Within marine habitats, colonial top predators can provide a valuable indicator of variation in lower trophic levels that are widely dispersed and difficult to monitor [19,20]. To date, most phenological studies of marine top predators have focused on seabirds [8,20], providing important examples of how phenological change in these income breeders reflects fine-scale changes in prey resources. It is unclear whether breeding phenology shows similar levels of plasticity among marine mammal predators, many of which are capital breeders .
Recently, it has been suggested that harbour seals (Phoca vitulina) in the southern North Sea have significantly advanced their timing of pupping over the last 35 years; a change that has been interpreted as a response to an improved forage base following fishery-induced changes in prey community structure . If phenological data can offer an indication of changes in their prey base, this could provide an important tool for exploring the causes underlying unexplained pinniped population declines in other regions [23–25]. However, these investigations must be underpinned by direct individual-based estimates of pupping dates, which for harbour seals are currently available from only two populations worldwide; Sable Island, Canada  and the Moray Firth, Scotland . At other sites, information on the presence of harbour seal pups is available only from broader scale surveys, typically from aircraft, which are used to monitor abundance trends [22,28]. The problem with basing phenological studies on these cruder survey data is that untested proxies for the timing of pupping may be influenced by factors such as sampling frequency and population size or structure [11,29]. Particularly when populations have experienced repeated mass mortalities, such as the northern European population , the direct influence of population size on breeding phenology must also be considered in such analyses .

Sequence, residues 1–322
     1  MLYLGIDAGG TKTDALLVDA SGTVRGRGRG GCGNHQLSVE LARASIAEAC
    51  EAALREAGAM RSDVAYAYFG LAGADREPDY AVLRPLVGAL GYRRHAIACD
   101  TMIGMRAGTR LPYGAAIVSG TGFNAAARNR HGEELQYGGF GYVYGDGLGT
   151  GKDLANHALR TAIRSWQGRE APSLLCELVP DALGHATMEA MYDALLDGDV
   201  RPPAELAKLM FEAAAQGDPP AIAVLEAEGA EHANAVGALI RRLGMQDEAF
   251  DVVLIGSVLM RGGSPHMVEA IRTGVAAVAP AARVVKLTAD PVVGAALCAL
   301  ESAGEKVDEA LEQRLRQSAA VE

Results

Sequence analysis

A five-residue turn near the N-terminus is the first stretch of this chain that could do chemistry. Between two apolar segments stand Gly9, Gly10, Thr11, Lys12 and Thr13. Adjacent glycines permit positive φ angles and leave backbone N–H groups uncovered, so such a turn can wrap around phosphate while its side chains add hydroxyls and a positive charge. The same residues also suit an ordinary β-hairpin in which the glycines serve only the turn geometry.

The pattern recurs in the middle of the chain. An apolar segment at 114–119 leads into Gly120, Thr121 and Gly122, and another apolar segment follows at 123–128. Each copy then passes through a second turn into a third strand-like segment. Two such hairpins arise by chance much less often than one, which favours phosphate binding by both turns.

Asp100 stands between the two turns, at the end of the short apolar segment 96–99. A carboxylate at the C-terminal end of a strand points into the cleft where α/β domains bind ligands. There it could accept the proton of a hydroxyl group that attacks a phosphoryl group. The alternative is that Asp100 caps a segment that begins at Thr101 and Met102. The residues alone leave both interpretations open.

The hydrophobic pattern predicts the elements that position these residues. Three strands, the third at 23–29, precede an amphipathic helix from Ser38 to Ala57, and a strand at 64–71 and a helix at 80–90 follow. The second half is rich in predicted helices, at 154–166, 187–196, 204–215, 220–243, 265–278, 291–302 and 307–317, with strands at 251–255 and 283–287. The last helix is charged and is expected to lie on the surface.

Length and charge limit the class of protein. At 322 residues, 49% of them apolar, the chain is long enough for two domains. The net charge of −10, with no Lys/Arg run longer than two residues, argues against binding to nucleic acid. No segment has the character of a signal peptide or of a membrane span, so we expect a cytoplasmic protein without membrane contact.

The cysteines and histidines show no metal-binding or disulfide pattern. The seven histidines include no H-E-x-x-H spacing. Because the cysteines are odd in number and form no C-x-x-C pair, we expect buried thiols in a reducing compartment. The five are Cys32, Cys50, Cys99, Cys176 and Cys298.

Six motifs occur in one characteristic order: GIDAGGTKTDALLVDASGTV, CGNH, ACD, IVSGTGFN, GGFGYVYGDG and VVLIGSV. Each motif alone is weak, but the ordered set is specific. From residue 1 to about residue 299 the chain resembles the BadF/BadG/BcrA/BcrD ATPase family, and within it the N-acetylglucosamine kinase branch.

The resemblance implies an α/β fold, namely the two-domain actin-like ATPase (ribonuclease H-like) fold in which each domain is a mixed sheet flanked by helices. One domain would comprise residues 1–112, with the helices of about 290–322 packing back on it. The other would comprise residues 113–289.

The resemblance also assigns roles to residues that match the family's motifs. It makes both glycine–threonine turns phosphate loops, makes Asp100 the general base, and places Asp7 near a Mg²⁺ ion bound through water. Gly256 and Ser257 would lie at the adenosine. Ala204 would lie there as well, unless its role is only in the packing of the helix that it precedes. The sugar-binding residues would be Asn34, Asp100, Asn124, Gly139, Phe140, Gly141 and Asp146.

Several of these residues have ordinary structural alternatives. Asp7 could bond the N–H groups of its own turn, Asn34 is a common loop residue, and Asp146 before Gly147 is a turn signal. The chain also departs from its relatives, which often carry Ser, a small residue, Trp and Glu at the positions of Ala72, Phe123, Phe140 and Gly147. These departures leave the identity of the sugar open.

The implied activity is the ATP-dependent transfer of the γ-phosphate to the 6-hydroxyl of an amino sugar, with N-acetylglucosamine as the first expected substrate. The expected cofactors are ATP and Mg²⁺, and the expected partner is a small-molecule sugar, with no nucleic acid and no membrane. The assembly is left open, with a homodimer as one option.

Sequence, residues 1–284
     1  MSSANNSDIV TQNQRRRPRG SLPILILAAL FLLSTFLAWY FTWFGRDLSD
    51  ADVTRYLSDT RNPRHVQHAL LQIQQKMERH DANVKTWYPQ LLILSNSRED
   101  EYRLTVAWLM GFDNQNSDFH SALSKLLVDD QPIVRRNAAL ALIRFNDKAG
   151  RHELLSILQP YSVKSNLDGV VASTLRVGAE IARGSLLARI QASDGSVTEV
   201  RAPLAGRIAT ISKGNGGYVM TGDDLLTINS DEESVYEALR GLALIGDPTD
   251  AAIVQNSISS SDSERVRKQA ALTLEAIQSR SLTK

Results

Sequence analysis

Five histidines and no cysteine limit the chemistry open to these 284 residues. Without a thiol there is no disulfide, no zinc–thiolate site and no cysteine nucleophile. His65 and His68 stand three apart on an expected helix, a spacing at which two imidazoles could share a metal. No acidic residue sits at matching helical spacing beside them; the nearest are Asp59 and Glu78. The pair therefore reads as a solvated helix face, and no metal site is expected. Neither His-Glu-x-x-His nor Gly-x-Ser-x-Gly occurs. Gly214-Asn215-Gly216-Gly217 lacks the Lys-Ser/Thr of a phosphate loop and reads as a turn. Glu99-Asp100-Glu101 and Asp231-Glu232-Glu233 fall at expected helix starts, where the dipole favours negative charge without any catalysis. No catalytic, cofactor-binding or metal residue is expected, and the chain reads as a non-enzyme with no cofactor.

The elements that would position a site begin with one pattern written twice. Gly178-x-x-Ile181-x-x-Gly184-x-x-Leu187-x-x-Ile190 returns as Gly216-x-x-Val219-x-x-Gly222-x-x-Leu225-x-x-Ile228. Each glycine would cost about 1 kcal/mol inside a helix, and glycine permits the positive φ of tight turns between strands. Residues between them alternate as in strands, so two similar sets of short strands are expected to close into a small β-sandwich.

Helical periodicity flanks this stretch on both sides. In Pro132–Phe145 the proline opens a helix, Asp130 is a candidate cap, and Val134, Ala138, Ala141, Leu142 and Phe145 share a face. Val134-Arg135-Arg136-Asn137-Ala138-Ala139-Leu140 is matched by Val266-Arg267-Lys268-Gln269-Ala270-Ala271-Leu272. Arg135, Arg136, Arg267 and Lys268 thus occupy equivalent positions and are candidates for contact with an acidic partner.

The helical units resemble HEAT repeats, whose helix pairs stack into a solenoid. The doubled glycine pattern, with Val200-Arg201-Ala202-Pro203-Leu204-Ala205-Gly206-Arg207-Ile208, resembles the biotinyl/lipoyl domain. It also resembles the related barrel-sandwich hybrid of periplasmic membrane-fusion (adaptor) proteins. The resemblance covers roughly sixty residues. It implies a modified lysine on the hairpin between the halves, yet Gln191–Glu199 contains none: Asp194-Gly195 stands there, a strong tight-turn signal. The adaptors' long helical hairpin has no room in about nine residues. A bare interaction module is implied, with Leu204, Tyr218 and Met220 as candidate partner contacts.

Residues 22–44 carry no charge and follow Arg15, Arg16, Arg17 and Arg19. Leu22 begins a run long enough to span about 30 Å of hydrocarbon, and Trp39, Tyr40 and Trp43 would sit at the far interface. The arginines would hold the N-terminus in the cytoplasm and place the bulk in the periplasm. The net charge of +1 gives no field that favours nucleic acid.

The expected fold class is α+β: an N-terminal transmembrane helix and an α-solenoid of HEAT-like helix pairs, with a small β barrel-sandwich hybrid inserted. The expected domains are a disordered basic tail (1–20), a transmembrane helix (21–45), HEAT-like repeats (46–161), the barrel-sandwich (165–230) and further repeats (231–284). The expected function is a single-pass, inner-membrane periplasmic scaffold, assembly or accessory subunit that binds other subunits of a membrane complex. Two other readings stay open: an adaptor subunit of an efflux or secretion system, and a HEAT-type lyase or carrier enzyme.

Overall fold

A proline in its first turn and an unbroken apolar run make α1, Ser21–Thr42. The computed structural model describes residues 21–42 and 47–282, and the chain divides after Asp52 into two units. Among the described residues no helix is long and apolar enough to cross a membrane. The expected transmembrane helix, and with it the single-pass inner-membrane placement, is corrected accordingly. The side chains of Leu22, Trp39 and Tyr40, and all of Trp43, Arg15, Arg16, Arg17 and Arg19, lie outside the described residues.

To assess whether phenology can inform comparative studies of pinniped population dynamics, further work is required to confirm that year-to-year variation in the timing of breeding reflects individual responses to environmental variation rather than a change in population age structure. To maximize opportunities for using these tools in areas where individual-based studies are not possible, proxy-based estimates of the timing of pupping must also be tested in areas where direct estimates are available. Here, we use an individual-based study of Scottish harbour seals to describe inter-annual variation in the timing of pupping, and to investigate whether shifts in pupping phenology are likely to be related to resource availability by exploring parallel changes in lactation duration. These direct estimates of pupping are then used to compare different proxies that can be obtained from population-level studies. Finally, we apply the best fitting proxy to a 23-year time series of survey data to explore how the timing of pupping varied in relation to local population density, and highlight how these relationships can provide insights into the drivers underlying recent population declines.